HALIFAX — Heavy rain and some military reinforcements arrived to assist efforts on Saturday to quell the wildfires that have destroyed homes and caused the evacuation of thousands of people across Nova Scotia.
A major Halifax-area wildfire that has destroyed 150 homes was 85 per cent contained and no longer spreading, officials said Saturday. The news was also good across the province, where Premier Tim Houston said the total number of active wildfires declined from 10 in the morning to five by mid-afternoon.
"If you step outside you will see something beautiful: rain, and hopefully lots of it," he told an afternoon briefing.
The only fire that remains out of control is one in Shelburne County in the southwestern corner of the province — the largest in Nova Scotia's history — which remains "scary," Houston said.
Meanwhile, at the provincial wildfire centre in Shubenacadie, north of Halifax, about 20 Canadian Armed Forces soldiers stood in the pouring rain outside a light armoured vehicle, or LAV.
Lt.-Col. Michael Blanchette said the initial contingent from CFB Gagetown in New Brunswick had arrived on a "fact-finding mission" to see what military support was needed in the effort to combat the fires.
He said the armoured vehicle has a thermal sight system that might be able to detect hidden hot spots, especially at night, while soldiers can provide "low-level firefighting capability" such as stamping out smaller hot spots after firefighters have gone through.
Blanchette said military members in Atlantic Canada are used to being called in for floods and winter storms, but he's never before responded to a wildfire.
"This is the first time for us," he said.
David Steeves, a technician of forest resources with Nova Scotia's Department of Natural Resources and Renewables, told reporters Saturday morning the Halifax-area fire was sitting at 9.5 square kilometres and is unlikely to grow due to a combination of firefighting efforts and long-awaited rain.
"We are moving from a state of out of control to a state of being held," he said. "And basically what that means is that, with the current resources that we have on site and with the suppression efforts that have taken place, the fire is not likely to spread."
Steeves said a number of areas of concern remain and crews continue to closely monitor hot spots around the fire's perimeter. He warned the blaze was far from out and embers could still hide deep in places where the rain doesn't penetrate, causing a risk of reignition.
"We could be here for weeks, we could be here for a couple of months before the incident commander is comfortable in saying this fire is out," he said.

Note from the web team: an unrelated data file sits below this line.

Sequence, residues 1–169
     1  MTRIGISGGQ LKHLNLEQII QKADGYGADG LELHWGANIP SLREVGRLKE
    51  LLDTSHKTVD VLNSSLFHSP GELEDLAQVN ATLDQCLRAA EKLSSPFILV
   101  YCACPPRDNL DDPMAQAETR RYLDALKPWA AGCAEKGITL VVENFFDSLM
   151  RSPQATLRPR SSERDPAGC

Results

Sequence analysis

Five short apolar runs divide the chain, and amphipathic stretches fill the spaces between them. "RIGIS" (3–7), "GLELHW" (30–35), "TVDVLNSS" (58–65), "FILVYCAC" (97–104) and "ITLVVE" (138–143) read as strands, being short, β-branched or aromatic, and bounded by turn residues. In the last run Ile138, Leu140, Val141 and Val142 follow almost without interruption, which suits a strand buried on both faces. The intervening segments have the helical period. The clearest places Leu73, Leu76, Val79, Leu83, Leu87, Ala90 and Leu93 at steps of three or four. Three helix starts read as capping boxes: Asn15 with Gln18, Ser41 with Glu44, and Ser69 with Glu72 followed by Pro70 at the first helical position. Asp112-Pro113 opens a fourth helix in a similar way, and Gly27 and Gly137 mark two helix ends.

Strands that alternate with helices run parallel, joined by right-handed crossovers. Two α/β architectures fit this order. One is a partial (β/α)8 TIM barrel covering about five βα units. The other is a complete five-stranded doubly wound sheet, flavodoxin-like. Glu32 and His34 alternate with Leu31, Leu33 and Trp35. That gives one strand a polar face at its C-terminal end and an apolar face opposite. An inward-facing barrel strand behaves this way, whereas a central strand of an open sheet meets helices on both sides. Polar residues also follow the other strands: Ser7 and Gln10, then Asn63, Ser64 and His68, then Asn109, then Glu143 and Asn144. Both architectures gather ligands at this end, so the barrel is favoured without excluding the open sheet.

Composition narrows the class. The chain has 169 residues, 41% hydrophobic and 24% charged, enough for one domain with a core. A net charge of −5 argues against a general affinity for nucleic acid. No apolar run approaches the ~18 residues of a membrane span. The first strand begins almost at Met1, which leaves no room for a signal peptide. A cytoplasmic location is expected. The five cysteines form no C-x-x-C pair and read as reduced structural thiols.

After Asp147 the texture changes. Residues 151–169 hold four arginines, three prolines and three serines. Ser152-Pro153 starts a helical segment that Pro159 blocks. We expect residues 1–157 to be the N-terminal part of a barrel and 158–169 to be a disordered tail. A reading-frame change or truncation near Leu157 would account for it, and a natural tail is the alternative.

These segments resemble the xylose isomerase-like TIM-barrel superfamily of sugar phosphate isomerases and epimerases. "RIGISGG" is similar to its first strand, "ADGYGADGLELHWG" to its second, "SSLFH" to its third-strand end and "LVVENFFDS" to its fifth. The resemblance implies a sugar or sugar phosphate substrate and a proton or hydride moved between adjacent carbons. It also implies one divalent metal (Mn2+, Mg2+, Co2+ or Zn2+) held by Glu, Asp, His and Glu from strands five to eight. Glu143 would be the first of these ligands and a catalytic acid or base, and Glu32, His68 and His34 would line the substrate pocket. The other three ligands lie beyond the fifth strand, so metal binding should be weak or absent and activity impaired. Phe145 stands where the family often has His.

The wildfire that broke out Sunday in the Halifax area raced through a number of subdivisions, consuming about 200 structures — including 151 homes — and forcing the evacuation of more than 16,000 people.
Environment Canada Meteorologist Bob Robichaud said between 25 and 50 millimetres of rain had fallen in parts of the province on Saturday, adding temperatures had also cooled. He said air quality across most of the affected areas had also greatly improved.
Halifax Regional Fire and Emergency Deputy Fire Chief Dave Meldrum said Saturday morning that the rain has brought relief, but also raises the risk that firefighters could be hurt from slips or falls and makes for difficult working conditions.
"They’re going to be very very dirty, they’re going to be wet, they’re going to be cold," he said of the firefighters. "So we welcome this rain but it’s going to be a tough working day."
He said there were two reported injuries related to heat stress so far, and one firefighter bumped their head while moving equipment, but nobody has been seriously hurt.
While an evacuation order was lifted on Friday for some Halifax-area residents, the city said Saturday they may not be able to return to the most significantly impacted area for 10 to14 days. Meldrum said the evacuation zone includes areas that have been heavily damaged by fire. He told an afternoon briefing there's still work to do before people can return, including checking for hot spots and verifying that infrastructure such as roads and electrical grids are intact.
In Shelburne County, meanwhile, 6,700 people — about half the municipality's population — remained out of their homes as the blaze that forced their evacuation continued to burn out of control
The Barrington Lake wildfire, which started Saturday, reached 230 square kilometres — the largest recorded wildfire in the province's history. It has consumed at least 50 homes and cottages.
Dave Rockwood, a spokesman for the Department of Natural Resources, said there was "cautious optimism" that there would be no further growth and that firefighters could use more direct tactics to contain it. Two other fires considered out of control as of Saturday morning were classified as "held" later in the day, he said.
Houston confirmed that schools in Shelburne County would be closed Monday and Tuesday.
A contingent of 17 firefighters from the northeastern United States also arrived at the wildfire centre later Saturday, where they were briefed before being deployed to help the fire-fighting efforts.
This report by The Canadian Press was first published June 3, 2023.
Morgan Lowrie, The Canadian Press
Note to readers: This is a corrected story. A previous version indicated some partial evacuation orders were lifted on Saturday. They were, in fact, lifted on Friday.